Treatments We Offer

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We specialise in soft tissue (muscles/tendons/ligaments) injuries and rehabilitaion. Available treatments include:

Muscle Energy Technique

Muscle Energy Technique uses an individuals strength to induce relaxation in tense muscle tissue. There are two main variations of this technique.

Post Isometric Relaxation (PIR) can be used very effectively on muscles that have become shortened due to poor posture or injury. It is very useful in strengthening and lengthening affected muscles because there is an element of muscle contraction in addition to muscle stretching. The process of PIR begins with the therapist identifying the barrier point, where the affected muscle begins to feel restricted. The client may not feel an active stretch at this point as it is about mid-range of full range of motion (ROM). The client is then asked to perform an isometric contraction of the affected muscle against the resistance given by the therapist. This contraction is isometric as there is no movement of the muscle and should be held at approximately 25% of the client’s maximum strength for about 10 seconds. The client is then asked to take a deep breath in, and completely relax on the out breath. At this point, the therapist can take the relaxed, inhibited muscle, slightly past the point of restriction as it is in a state of increased relaxation following the contraction, which should allow for greater flexibility. This process can be repeated until the client is in full ROM and the final stretch should be held for an additional 20 seconds to allow the golgi tendon organ and muscle spindles (which monitor muscle tension) to send appropriate messages to the nervous system, indicating that the muscle has lengthened safely. PIR works very well on muscles that move joints with a larger ROM, for example the quadriceps, iliopsoas or biceps brachi. It is also effective in the later stages of rehabilitation following acute injury, although it should not be used in the acute stage. It would be best not to use this technique on already over lengthened muscles, although the isometric contraction, (without the stretch) might be beneficial in theses cases as over lengthened muscles are often weak. The process of contracting while stretching has a strong effect in breaking up fibrous adhesions, therefore PIR is a great aid in treating areas affected by fibrosis.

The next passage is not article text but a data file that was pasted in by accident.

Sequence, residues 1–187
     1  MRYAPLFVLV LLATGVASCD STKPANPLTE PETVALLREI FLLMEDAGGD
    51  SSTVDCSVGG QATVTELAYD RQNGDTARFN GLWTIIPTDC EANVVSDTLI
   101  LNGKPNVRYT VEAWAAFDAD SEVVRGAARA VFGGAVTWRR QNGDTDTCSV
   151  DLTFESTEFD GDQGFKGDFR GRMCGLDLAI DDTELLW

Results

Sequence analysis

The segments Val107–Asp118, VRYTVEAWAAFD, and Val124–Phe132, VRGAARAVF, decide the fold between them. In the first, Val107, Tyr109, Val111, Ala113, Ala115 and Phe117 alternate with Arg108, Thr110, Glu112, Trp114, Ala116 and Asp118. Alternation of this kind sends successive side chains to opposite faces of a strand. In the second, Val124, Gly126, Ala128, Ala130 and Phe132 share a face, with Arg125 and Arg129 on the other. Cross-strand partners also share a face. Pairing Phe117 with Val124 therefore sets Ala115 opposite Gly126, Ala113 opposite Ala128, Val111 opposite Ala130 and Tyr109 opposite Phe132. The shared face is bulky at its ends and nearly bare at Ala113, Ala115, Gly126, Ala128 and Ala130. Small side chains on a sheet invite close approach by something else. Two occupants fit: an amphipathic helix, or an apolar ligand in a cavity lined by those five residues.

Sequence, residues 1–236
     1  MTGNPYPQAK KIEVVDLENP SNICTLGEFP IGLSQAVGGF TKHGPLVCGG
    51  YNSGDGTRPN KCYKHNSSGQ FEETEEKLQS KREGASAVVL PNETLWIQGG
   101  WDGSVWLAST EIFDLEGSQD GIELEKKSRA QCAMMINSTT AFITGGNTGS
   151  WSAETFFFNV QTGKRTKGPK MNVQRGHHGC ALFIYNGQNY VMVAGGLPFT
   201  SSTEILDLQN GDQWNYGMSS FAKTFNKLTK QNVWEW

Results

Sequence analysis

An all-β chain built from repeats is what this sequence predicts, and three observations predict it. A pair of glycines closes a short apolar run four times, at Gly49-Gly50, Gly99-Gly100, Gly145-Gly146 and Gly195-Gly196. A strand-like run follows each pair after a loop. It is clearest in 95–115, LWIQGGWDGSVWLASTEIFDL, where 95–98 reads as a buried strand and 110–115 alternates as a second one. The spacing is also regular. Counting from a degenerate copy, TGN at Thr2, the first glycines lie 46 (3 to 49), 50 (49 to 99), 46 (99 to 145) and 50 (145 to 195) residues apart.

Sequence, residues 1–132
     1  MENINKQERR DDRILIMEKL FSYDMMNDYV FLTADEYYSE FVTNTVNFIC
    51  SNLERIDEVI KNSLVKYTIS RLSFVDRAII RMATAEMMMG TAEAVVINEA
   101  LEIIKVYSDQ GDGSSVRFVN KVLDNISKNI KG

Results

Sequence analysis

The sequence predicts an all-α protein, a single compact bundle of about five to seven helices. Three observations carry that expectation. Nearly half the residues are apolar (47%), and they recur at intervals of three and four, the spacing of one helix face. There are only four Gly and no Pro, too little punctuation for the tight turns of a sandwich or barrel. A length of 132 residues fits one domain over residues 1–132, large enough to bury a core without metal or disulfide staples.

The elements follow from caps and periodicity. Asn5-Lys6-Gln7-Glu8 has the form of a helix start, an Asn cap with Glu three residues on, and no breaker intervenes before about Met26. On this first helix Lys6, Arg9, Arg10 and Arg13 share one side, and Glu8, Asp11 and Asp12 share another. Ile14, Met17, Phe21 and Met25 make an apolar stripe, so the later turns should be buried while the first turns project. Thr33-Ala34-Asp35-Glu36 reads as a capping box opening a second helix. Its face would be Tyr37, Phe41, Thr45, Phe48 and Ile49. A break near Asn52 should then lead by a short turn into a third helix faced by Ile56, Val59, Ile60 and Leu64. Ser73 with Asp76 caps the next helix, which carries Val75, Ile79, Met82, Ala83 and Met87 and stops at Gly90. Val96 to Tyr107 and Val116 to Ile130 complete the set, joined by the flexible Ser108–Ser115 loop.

The second variation is called Reciprocal Inhibition (RI). Muscles work in opposing groups in order to counteract each other and allow the body to move freely. Obviously, if one muscle group is contracting, its opposing group must relax and stretch, otherwise, there would be no movement at all. The nervous system is designed to inhibit responses to the opposite group of muscles that are contracting, for example, when the bicep in the arm is contracted (the agonist), the triceps (antagonists) must be inhibited and vice versa. This is the principle on which Reciprocal Inhibition is based. Treatment using RI is not dissimilar from using PIR, except for one important difference. Instead of resisting the force in the opposite direction from that which is provided by the therapist (contracting the muscle about to be stretched), the client should attempt to contract the muscle in the same direction (contracting the opposing muscle from the one about to be stretched). RI is especially effective in treating more acute injuries, as the problematic tissue is not directly treated, just indirectly affected by treating the tissue that opposes it. This technique is also useful when addressing muscle cramps.

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